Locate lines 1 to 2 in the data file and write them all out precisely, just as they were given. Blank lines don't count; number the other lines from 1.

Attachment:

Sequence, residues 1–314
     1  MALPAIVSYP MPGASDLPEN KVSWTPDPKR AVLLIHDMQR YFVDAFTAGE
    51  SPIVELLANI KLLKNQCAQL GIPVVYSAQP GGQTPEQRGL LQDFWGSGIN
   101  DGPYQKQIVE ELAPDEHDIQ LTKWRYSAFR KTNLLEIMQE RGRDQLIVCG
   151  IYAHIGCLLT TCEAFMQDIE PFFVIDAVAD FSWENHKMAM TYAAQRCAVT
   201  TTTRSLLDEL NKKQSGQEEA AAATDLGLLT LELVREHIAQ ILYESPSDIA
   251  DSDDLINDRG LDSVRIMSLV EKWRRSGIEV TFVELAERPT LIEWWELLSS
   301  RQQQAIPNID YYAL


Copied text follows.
Sequence, residues 1–314
     1  MALPAIVSYP MPGASDLPEN KVSWTPDPKR AVLLIHDMQR YFVDAFTAGE